Quick Takes: Aid at Cornell and Northwestern, Impact of Travel Ban, Campaign Issues, Cost of Campus Health Care, Climate Pledge Vetoed at LSU, States vs. Feds, $80M for Ohio U., Lender Leaves U.S. Loan Program, Cyberbullies, Oxford Returns Maori Remains

February 1, 2008
  • Cornell University on Thursday announced a plan to eliminate loans in the financial aid packages of students from families earning up to $75,000 and to cap loans annually at $3,000 for those with family incomes up to $120,000. Also Thursday, Northwestern University announced that it would replace loans with grants for students with high need levels. Most of those students will be from families with incomes under $55,000, but Northwestern is basing eligibility on a calculation of need, not just an income level.
  • What happens when states bar public university professors from doing research in certain countries? They leave. The St. Petersburg Times reported that, due in large part to Florida's travel ban, Matt Childs is leaving a position at Florida State University for one at the University of South Carolina. "I have made my name now as a scholar of Cuban history, but I can no longer do my job here if I can't go to Cuba to do research," Childs told the newspaper.
  • For students, the war in Iraq is the top issue in the 2008 presidential election, according to a national survey released by the National Association of College Stores. Other issues of concern (in order): health care, the economy, immigration and gas prices.
  • Many college students are facing hundreds and in some cases thousands of dollars in unexpected bills for health care, according to U.S. News & World Report. The magazine reported that many campus health centers are not registered "in network" by regional health insurers, and that many colleges are promoting plans that the magazine found to be "comparatively anemic" in coverage.
  • John V. Lombardi, president of Louisiana State University, has vetoed a plan by Sean O'Keefe, the departing chancellor of LSU's Baton Rouge flagship, to sign the American College & University Presidents Climate Commitment, The Advocate reported. Lombardi (a blogger for Inside Higher Ed) said that the commitment involved a significant commitment, which needed further study.
  • State legislators are objecting to legislation in Congress that would allow the Education Department to punish (by holding back some funds) states that cut appropriations for higher education. The provision is in a bill with measures to focus attention on colleges that increase tuition by percentages that are higher than average for their sector. Public college officials have said that the measure risks punishing their institutions for tuition increases that result from cuts in state funds -- and that complaint is at the root of the measure to punish states. But the National Conference of State Legislatures issued a statement Thursday saying that the measure would be "a dangerous precedent of federal intrusion into state budgeting decisions." The statement also warned that states might be hesitant to put lots of new money into higher education out of fear that they could be punished for not being able to do so in a tight budget year -- when they might face a federal sanction for a cut.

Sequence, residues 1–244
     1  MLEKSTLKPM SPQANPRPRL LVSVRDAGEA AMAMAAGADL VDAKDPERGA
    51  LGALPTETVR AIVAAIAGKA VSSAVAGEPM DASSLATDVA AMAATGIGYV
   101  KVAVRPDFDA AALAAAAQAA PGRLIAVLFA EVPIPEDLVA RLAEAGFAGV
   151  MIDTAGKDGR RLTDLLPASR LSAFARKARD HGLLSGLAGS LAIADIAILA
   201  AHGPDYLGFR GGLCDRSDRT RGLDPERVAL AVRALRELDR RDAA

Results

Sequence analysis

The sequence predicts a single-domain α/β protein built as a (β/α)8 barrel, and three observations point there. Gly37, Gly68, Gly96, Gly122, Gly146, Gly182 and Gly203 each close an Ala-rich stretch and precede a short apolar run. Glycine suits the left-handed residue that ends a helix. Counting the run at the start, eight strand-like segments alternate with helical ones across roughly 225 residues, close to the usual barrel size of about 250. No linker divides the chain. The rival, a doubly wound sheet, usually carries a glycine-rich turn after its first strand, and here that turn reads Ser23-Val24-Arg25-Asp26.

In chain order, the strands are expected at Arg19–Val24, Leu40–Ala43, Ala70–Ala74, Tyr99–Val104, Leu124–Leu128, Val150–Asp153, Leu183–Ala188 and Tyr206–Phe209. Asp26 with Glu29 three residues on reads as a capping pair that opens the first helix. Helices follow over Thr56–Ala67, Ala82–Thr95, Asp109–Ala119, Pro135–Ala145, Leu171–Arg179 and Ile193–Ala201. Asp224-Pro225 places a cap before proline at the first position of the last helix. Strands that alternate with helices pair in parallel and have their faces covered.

• Ohio University on Thursday announced a bequest of securities and real estate worth at least $80 million, which is expected to be spent on the College of Engineering and Technology.
  • College Loan Corp., which is the eighth largest provider of student loans in the Family Federal Education Loan Program, announced Thursday that it would leave the federal loan program as of March, citing a combination of Congressionally mandated cuts to lender subsidies and the uncertainty in the credit market. Cary Katz, the company’s CEO, said that “recent Congressional action has decimated the Federal Family Education Loan Program, essentially making it impossible for midsized companies like College Loan Corporation to participate in the federal loan marketplace. In addition, continuing disruptions in the credit have compounded the impact of the legislation." Katz said the company would focus on the private loan market. College Loan is not the first lender to abandon the federal loan program since Congress enacted the subsidy cuts last fall, but it is the biggest.
  • The University of Manitoba has punished 34 students for engaging in bullying of other students -- by taking part in a Facebook group devoted to the bullying, Canadian Press reported.
  • The University of Oxford has announced that it is returning four sets of Maori and Moriori human remains to New Zealand in a move that is the first use of the British institution's new repatriation policy. Oxford said it considered numerous issues, including the ability to return the remains to appropriate groups and that they were not yielding major scholarly breakthroughs.
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